The château de Freschines at Villefrancoeur, twenty kilometres north of Blois, once belonged to Lavoisier. This fine 18th-century mansion is yet another historic French property which has  recently been happily preserved for posterity. Having served for forty years as a  psychiatric hospital, the house was put on the market in January 2013.  It stood empty and neglected for a further six years until 2019, when it was finally rescued by the Austrian architect Elisabeth Herring.  It has since been opened as an Airbnb so, for a (relatively) modest price, you can actually go and stay there.  As the video below shows, the ongoing restoration is a labour of love.  The atmosphere is stylish but relaxed, mostly 18th-century in inspiration, but with a few quirky mementos of the house's long years as an asylum.

Tuesday 28 February 2023

The drummer boy Pierre Bayle

How can one lack strength, replied the young hero, 
when one may usefully serve one's country?

Unlike other child heroes of the First Republic, the drummer boy Pierre Bayle had to wait over two hundred years to be remembered.  It was only in 2006 that he was formally recognised as "the youngest combatant to die in battle since the formation of the French Republic" (a sad epithet that...). 

The case provides an  interesting insight into the dynamics of commemoration in modern France.  

Wednesday 22 February 2023

More juvenile heroes - Mermet


To 19th-century French schoolchildren the death of 16-year-old Jean-Baptiste Mermet alongside his father in the Vendée in 1794 was a familiar episode. It was notably popularised by the educationalist Étienne Charavay in his 1882 book Enfants de la République, where Mermet features alongside Bara, Viala and the Tambour Stroh in the roll of patriotic juvenile heroes.  Charavay and his readers prized Mermet particularly as an example of filial devotion. (According to a study by François Wartelle, youthful displays of aggression were beginning to fall from favour by the 1890s; in 1895 Ernest Lavisse was to drop Stroh from his primary school manual).

In reality, as usual, almost nothing is known for certain about the young man or the circumstances of his death.

Sunday 19 February 2023

More juvenile heroes - Derudder

"Le Jeune Darrudder", 1793. Engraving by Charles-Melchior Descourtis after Joseph Swebach Desfontaines;4

"The action of the young Darrudder, aged 14, is a example of bravery and a display of filial piety. During the affair of Fougere [sic], he saw his father killed at his side, snatched his pistol from his belt, fired on the murderer, blew his brains out, then continued to beat the charge against the brigands until they were completely routed. This worthy follower of Vialas and Baras is offered as a model to the pupils of the École de Mars, by the Representatives of the People who admitted him to this school and bestowed on him a fraternal accolade in the midst of applause and great shows of joy."

As Jean-Clément Martin has remarked, without this fine engraving after the artist Joseph Swebach Desfontaines, the existence of "the Young Darrudder" (more properly "Derudder"), like that of so many who fought in the Vendée, would now be entirely forgotten.  His fate is also sometimes briefly recalled due to the warm response he elicited from Robespierre, which prefigured the latter's much more decisive intervention on behalf of Joseph Bara (see my previous post of  01/02/2023).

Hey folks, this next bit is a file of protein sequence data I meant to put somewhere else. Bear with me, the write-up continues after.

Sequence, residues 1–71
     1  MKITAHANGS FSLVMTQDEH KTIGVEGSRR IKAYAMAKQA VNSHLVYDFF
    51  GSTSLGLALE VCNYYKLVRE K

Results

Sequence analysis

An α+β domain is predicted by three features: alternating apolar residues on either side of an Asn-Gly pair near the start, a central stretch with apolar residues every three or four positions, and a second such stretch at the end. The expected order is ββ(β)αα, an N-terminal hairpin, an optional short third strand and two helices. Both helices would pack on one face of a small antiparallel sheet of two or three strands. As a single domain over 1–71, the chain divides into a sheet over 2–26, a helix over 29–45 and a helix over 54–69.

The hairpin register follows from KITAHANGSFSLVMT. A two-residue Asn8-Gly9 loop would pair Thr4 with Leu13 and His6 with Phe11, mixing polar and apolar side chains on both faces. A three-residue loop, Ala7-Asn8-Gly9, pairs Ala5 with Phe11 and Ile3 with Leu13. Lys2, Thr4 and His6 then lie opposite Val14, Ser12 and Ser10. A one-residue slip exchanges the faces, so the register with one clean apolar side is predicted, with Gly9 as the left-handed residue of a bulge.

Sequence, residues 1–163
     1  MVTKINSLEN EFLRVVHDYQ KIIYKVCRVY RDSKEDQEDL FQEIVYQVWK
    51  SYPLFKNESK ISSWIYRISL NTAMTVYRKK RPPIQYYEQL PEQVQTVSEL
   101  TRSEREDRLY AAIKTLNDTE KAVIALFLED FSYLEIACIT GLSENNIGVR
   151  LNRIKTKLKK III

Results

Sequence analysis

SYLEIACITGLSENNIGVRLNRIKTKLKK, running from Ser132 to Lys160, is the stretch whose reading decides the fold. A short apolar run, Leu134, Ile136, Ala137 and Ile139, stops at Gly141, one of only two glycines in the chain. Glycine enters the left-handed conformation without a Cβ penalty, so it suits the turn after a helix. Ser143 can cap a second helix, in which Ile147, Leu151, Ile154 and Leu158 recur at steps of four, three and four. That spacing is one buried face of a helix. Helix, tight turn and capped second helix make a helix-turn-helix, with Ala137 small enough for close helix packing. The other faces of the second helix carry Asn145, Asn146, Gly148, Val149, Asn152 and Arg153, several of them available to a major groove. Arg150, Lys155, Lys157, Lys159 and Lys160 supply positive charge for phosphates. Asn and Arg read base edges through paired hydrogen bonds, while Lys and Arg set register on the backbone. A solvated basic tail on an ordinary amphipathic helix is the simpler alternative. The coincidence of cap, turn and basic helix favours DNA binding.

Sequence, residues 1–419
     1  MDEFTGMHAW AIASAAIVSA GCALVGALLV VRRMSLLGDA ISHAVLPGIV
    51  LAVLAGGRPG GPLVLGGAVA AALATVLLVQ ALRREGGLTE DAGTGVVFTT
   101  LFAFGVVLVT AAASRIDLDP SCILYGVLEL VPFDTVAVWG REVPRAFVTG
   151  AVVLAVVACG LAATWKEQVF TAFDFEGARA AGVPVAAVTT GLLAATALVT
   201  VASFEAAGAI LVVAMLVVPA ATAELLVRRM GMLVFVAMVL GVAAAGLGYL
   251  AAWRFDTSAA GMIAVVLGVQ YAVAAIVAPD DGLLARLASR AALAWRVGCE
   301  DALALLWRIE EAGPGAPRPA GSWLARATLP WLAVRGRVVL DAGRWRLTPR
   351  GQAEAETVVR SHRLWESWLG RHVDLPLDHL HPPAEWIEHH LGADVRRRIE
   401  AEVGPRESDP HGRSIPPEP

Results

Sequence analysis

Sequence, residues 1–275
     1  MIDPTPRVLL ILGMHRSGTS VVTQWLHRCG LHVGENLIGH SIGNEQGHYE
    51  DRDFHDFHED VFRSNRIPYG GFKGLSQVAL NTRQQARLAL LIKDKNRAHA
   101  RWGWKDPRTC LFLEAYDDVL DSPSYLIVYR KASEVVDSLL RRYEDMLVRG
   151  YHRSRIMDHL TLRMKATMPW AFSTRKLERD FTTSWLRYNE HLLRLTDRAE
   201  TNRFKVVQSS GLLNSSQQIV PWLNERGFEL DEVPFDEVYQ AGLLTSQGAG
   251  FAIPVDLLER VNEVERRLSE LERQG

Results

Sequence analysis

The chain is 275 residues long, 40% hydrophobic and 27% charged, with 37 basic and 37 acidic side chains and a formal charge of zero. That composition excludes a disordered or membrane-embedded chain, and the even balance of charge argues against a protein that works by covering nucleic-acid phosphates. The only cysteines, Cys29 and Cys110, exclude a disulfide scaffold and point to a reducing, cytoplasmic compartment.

Thursday 16 February 2023

The Drummer Boy of Wattignies

"You are too small," said the sergeant to little Stroh, who had just enlisted under his country's colours.

The lad gave him the memorable reply:  "I will grow up fighting".

 According to legend "Tambour Stroh" or "Sthrau" was a young hero of the war on the Belgian frontier, killed at Dourlers on 15th October 1793 on the day preceding the French victory at Wattignies.  He is remembered today chiefly through two monuments by the 19th-century sculptor Léon Fagel,  a relief on the Wattignies monument in Maubeuge (1893) and a sculpture erected in the commune of Avesnes-sur-Helpe in 1905.

"Le Petit Tambour De Wattignies" illustration by Onfray de Bréville ("JOB") for Jean Richepin's book of patriotic poems for children Allons, enfants de la patrie (1920) 

For over half a century story of the "Tambour Stroh"  was the preserve of local folklore and soldiers' tales.  His existence rested on little more than an incoherent oral tradition and a half-remembered name.   He was mentioned in print for the first time only in 1850, in a local history by Zéphir Píerart,  to be followed, briefly but influentially, in 1853 by Michelet in volume 13 of  his history of the Revolution. Despite the lack of information, under the Third Republic his patriotic exploits passed into children's books: Étienne Charavay felt confident enough to include him with Bara and Viala in his Enfants de la République in 1882; and in 1888 the novelist Sixte Delorme produced a fictionalised account for young readers - quite a best seller if the number of copies available on ebay is anything to go by.

 In the 1890s  a concerted research effort was made in preparation for the inauguration of the memorial at Avesnes, which took place with considerable pomp in 1905 in the presence of the War Minister Bertaux.  A coherent narrative was pieced together for the occasion but in reality the exploits of "the Tambour Stroh" remained (and still remain) very uncertain. 

Wednesday 15 February 2023

Viala(?) by Prud'hon(?)

Depictions of the boy-hero Viala are rare in art. This striking image, attributed to Pierre-Paul Prud'hon,  would  seem to owe more to  David's visions of the Revolutionary martyr than to later 19th-century realism. But is it really by Prud'hon and, more questionable still, does it really represent the feisty child-hero of Year II?

Pierre-Paul Prud'hon, "Death of Viala", Musée des Beaux-arts, Lyon.

Image on Wikimedia:  Supplied by user "Rama" as one of a set of accredited photographs from the Musée des Beaux-arts in Lyon.  
Paintings department, accession number 1966-13.  
Donated by the heirs of Emile Labeyrie in 1966. 
Taken on 27th April 2011.

The painting is from the collections of the Musée des Beaux-arts in Lyon. It pops up frequently on the internet, but almost all the images derive from a single photograph on Wikipedia / Wikimedia, taken in April 2011. The photographer, "Rama" kindly sent me an email to confirm that the work is indeed (or was) on display in the museum and that their annotation was taken from the museum label.  It is an oil painting; no dimensions are given.